Allahabad High Court Judgement

Allahabad High Court Judgement

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JUDGEMENT HEADLINE : To Declare A Person Juvenile, His Date Of Birth Recorded In High School Certificate Will Be Given Preference Over Date Of Birth Given In Other Record.
JUDGEMENT TITLE : Dharam Singh Vs. State Of U.P. & Another On 05/18/2011 By Allahabad High Court
CASE NO : CRIMINAL REVISION NO. 222 OF 2008
CORAM : Hon'ble Shri Kant Tripathi,J.

HIGH COURT OF JUDICATURE AT ALLAHABAD

Court No. - 49

Case :- CRIMINAL REVISION No. - 222 Of 2008

Petitioner :- Dharam Singh
Respondent :- State Of U.P. & Another
Petitioner Counsel :- Dharmendra Singh
Respondent Counsel :- Govt. Advocate,Ravi Sinha

Hon'ble Shri Kant Tripathi,J.
1. Heard Mr. Rohan Gupta For The Revisionist And Learned AGA For The Respondent No.1 And Perused The Record. None Responded For The Respondent No.2.
2. By This Criminal Revision, The Revisionist Dharam Singh Has Challenged The Order Dated 7.12.2007 Rendered By The Additional Sessions Judge, Room No.7, Saharanpur In Sessions Trial No. 189A Of 1998, State Vs. Dharam Singh And Others, Whereby The Learned Additional Sessions Judge Refused To Declare The Revisionist As Juvenile.
3. The Revisionist Moved An Application For Declaring Him As A Juvenile And Contended That According To The High School Record His Date Of Birth Is 1.7.1981, Therefore, He Was A Juvenile (less Than Eighteen Years) On The Date Of The Occurrence And Examined CW-1 Ram Pal Singh And CW-2 Rajendra Kumar Pundir In Support Of His Case. CW-1 Ram Pal Singh, Who Was Head Clerk In M.P.M. Inter College, Simlana, Saharanpur, Made Statement In The Court On The Basis Of The Scholar Register And Produced The Same In The Court. The Name Of The Revisionist Is Mentioned At Serial No. 8016 In The Scholar Register In Which His Date Of Birth Was Recorded As 1.7.1981. Ram Pal Singh Further Stated That The Revisionist Had Studied In R.R. Inter College, Pilkhua, District Ghaziabad Before Taking Admission In M.P.M. Inter College, Simlana, Saharanpur. A Copy Of The Scholar Register Produced By CW-1 Ram Pal Singh Has Been Marked As Exhibit C-1. Ram Pal Singh, CW-1, Further Produced Original Admission Form Submitted By The Revisionist For His Admission And Proved Its Photo Copy As Exhibit C-2. He Lastly Stated That The Revisionist Had Furnished TC Issued By R.R. Inter College, Pilkhua, District Ghaziabad Along With The Admission Form. In That T.C. Too, His Date Of Birth Was Recorded As 1.7.1981, Photo Copy Of Which Is On Record As Exhibit C-3.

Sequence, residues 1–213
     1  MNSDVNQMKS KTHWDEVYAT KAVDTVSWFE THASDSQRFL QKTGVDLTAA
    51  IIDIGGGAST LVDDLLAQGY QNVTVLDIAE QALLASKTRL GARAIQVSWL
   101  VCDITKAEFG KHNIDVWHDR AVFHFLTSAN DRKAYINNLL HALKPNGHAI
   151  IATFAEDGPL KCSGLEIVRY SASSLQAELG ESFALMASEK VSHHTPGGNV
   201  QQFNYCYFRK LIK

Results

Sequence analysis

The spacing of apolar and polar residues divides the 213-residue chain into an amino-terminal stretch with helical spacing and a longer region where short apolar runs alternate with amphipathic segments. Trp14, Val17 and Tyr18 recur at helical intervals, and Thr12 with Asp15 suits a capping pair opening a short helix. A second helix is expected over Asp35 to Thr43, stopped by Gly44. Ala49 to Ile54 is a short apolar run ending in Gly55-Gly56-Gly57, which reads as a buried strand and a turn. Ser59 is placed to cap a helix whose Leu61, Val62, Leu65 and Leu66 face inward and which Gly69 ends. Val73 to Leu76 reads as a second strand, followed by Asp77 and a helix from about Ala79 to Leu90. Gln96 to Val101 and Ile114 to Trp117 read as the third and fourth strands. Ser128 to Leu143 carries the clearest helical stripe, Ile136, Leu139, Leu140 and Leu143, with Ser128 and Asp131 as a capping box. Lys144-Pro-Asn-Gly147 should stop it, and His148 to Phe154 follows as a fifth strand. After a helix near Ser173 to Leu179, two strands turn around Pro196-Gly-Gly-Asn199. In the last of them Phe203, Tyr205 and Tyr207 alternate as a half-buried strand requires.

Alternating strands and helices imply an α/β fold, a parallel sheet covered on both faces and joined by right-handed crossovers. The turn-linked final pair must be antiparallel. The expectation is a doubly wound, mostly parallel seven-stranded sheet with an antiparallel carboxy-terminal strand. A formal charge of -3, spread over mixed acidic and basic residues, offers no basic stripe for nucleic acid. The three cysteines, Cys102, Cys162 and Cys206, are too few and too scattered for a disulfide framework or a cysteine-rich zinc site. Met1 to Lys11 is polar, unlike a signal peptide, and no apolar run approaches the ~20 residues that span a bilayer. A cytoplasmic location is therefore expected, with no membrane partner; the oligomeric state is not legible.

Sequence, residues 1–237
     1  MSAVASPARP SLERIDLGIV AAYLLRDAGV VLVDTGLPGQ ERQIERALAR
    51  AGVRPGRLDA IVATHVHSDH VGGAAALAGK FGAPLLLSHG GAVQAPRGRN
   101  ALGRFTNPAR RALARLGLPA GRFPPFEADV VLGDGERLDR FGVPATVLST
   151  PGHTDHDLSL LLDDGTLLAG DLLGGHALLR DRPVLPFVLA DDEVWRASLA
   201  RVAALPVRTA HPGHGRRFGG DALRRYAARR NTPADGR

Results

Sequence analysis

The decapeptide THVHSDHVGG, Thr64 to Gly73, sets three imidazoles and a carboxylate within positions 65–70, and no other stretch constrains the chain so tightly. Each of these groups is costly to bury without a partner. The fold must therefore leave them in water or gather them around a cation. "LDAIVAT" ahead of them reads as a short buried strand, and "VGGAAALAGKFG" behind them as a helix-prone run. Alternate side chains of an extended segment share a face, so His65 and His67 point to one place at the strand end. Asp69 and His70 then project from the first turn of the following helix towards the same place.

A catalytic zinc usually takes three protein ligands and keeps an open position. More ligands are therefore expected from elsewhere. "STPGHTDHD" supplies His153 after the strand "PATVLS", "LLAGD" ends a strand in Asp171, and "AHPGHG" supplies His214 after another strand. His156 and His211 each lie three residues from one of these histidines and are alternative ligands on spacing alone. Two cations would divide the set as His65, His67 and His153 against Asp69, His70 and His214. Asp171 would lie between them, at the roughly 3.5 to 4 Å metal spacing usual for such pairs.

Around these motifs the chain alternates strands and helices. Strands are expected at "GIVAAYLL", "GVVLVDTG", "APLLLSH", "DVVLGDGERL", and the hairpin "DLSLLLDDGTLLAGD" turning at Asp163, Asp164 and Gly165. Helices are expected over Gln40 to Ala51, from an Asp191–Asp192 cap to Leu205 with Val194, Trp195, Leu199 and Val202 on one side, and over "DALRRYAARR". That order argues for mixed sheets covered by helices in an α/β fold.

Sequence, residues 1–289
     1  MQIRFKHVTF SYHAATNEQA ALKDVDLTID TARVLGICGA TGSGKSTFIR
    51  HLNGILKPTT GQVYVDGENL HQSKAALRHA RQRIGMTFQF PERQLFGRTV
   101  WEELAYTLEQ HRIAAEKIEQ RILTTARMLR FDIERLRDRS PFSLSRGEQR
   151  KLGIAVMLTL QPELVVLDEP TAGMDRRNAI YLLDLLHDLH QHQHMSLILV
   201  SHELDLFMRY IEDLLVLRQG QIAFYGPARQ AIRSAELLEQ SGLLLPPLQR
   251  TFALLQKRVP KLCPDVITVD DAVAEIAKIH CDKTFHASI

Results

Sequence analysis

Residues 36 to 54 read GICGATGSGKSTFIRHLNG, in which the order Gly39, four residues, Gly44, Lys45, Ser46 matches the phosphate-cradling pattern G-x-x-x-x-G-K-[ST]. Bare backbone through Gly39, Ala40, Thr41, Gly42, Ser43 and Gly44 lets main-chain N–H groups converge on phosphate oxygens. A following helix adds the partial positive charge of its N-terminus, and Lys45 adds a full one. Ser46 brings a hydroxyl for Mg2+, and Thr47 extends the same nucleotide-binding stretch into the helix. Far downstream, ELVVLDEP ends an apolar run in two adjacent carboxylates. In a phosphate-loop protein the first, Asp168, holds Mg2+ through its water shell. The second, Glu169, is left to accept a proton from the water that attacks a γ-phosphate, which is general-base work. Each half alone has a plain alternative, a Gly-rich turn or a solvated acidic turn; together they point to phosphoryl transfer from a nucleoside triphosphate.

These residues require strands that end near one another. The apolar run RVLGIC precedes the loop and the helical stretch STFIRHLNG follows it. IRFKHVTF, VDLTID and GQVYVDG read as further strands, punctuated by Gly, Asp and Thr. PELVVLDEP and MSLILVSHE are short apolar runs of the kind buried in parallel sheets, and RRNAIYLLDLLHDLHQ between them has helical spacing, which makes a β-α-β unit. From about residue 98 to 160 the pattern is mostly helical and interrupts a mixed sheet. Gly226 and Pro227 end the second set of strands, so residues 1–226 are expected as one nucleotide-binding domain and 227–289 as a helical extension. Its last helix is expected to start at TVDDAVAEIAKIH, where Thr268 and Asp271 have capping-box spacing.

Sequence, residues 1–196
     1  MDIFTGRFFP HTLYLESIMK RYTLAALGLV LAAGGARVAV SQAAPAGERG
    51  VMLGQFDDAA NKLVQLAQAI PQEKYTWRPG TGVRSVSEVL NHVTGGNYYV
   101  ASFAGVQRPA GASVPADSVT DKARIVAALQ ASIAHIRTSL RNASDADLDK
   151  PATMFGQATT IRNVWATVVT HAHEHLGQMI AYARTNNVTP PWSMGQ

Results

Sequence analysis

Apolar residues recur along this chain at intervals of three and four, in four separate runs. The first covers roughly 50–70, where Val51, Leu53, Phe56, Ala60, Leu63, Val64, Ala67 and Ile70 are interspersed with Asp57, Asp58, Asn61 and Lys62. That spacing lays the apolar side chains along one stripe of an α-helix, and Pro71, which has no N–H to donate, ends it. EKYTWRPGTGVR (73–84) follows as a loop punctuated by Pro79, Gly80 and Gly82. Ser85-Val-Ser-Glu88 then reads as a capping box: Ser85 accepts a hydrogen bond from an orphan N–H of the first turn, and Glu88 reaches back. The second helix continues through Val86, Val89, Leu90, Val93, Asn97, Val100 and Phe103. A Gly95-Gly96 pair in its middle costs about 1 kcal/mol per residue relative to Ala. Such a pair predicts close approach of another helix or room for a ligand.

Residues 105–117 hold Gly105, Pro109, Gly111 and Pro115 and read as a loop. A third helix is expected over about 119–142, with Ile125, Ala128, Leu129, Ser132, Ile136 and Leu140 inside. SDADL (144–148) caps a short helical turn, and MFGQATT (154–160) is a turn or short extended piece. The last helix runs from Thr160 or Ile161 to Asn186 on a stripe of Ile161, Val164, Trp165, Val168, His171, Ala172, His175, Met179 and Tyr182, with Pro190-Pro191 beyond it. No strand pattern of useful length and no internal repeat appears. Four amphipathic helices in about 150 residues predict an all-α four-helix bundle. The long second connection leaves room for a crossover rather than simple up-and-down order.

4. CW-2 Rajendra Kumar Pundir Is The Resident Of Revisionist's Village Tapari. He Stated That The Revisionist's Father Was Ill, Therefore, He Had Gone To Maharana Pratap Memorial Inter College, Simlana Along With The Revisionist For His Admission. He Had Filled In The Admission Form And Showed The Revisionist's Date Of Birth As 1.7.1981. That Date Of Birth Was Given To Him By The Father Of The Revisionist. He Further Stated That T.C. Issued By The Previous School Was Annexed With The Admission Form And In That T.C. The Revisionist's Date Of Birth Was 1.7.1981.
5. The Respondent No.2 Contested The Aforesaid Application And Examined CW-3 Kanwar Pal Singh, A Teacher Of Primary School, Tapari, Police Station Badagaon, District Saharanpur, Who Was Serving As Incharge Head Master On The Date Of His Statement In The Court. According To This Witness, The Revisionist Had Studied In The Said Primary School And His Date Of Birth In The Record Of The School Was Recorded As 6.1.1978. This Witness Proved The Leaving Certificate Issued By The School.
6. The Learned Additional Sessions Judge Disbelieved The Revisionist's Evidence On The Ground That The Revisionist Failed To Examine His Father Dharam Singh For Proving His Date Of Birth Shown In The Record Maintained By Maharana Pratap Memorial Inter College, Simlana And The Witness Rajendra Kumar Pundir Had No Personal Knowledge Of The Revisionist's Date Of Birth, Therefore, His Evidence Was Not Relevant. The Learned Trial Court Further Held That In The Revisionist's Marks Sheet (Roll No. 01643435) His Date Of Birth Has Been Shown As 1.1.1981, Which Was Annexed With The Application And Was Taken Into Consideration While Passing The Order Dated 9.3.2007 And The Same Date Of Birth Has Been Disclosed Even In The Order Dated 31.7.2007 Passed By This Court In Criminal Revision No. 806/2007, Therefore, In View Of This Contradictory Evidence, It Could Not Be Held That The Revisionist's Date Of Birth Was 1.1.1981. The Learned Trial Court Placing Reliance On The Statement Of CW-3 Kanwal Pratap Singh, Incharge Head Master, Primary School, Tapari, Held That The Revisionist's Date Of Birth Was 6.1.1978, Therefore, He Was Not A Juvenile On The Date Of The Occurrence. The Aforesaid Witness Kanwal Pratap Singh Proved The Date Of Birth Of The Revisionist As 6.1.1978 On The Basis Of The Primary School Record.